The series is clever to have Robin’s past linked to the supporting characters of the series, which reinforces the small-town motif Top of the Lake utilizes. Furthermore, her past is linked with Matt Mitcham, Tui’s father, thus establishing a linear connection in plot. This connection is further threaded to the women’s retreat run by GJ by them settled in land owned by Mitcham. Therefore, by default, the plotline of Top of the Lake is both structured and multilayered by the representation of characters. The characters may not change individually, but collectively they provide a distinction between having clarity in life to being profoundly lost. The miniseries does emphasize these variations of knowing oneself by contrasting the characters of GJ and Matt Mitcham. Holly Hunter’s GJ is perhaps the most profound of these three characters due to her character’s ability to separate herself from the complexities of life and embrace nature instead. The women’s retreat she runs can be described as a nature retreat for the healing of women who have suffered domestic abuse, thus giving GJ a Thoreau-like presence, to which it is encouraged to separate oneself from the conventions of society and simply embrace the simplicity of nature. The mere detail of GJ having been struck by lightning, which incited her to embark on her venture, further establishes the character’s embracement of nature and using it cleanse one’s soul and find deeper meaning. The opposite is represented with Peter Mullen’s Matt Mitcham, whose illegal drug empire represents a side of humanity that has lost its essence due to industry and is reactive towards it. Mitcham is further represented as an emotionally isolated man, who cannot get over the passing of his wife. Mullen’s performance offers a differing perspective of the dominant male, by representing his character as using his masculinity as a cloak to hide his true inner, insecure self. To have people fear him is what detracts them from witnessing his weaknesses.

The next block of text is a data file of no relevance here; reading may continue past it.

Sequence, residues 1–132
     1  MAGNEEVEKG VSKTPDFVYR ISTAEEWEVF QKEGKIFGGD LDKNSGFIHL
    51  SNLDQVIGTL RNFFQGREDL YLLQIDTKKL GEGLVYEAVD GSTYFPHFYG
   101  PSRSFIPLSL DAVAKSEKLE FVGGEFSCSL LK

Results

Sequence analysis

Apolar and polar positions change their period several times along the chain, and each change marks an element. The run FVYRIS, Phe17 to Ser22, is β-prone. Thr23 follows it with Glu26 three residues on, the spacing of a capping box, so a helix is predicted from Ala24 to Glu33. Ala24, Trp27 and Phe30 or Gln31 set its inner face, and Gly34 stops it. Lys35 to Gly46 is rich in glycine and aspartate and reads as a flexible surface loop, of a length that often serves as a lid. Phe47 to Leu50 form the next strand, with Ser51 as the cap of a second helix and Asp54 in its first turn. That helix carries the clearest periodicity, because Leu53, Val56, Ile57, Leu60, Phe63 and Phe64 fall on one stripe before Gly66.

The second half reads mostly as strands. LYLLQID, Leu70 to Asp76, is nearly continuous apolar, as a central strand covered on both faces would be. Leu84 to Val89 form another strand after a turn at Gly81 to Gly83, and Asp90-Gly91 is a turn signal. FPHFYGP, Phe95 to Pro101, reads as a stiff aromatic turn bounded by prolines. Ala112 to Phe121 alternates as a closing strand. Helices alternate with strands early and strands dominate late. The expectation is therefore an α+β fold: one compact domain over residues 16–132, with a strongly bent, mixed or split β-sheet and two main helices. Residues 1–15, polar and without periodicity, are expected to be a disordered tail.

It should be acknowledged that the unconventionality of Top of the Lake may be off-putting to some viewers, yet to those who can look past that may be able to observe this miniseries as a masterpiece. What makes this series a gem extends beyond the characterization and the acting, but in what the series represents in landscape. It is the location of the miniseries that establishes both the narrative and the various themes that are headlined for the viewer to observe. Jane Campion never forces the location onto the viewer, but one cannot deny her emphasis that one’s environment shapes their very existence. The script and acting reinforce this, but it is up to the viewer to decide whether the message is compelling enough to accept or not.
Primetime Emmy Award Nominations:
Outstanding Miniseries or Movie
Outstanding Lead Actress in a Miniseries or Movie – Elisabeth Moss
Outstanding Supporting Actor in a Miniseries or Movie – Peter Mullen
Outstanding Directing for a Miniseries
Outstanding Writing for a Miniseries
Best Miniseries or Television Film – Nominated
Best Actress in a Miniseries or Television Film – Elisabeth Moss *Winner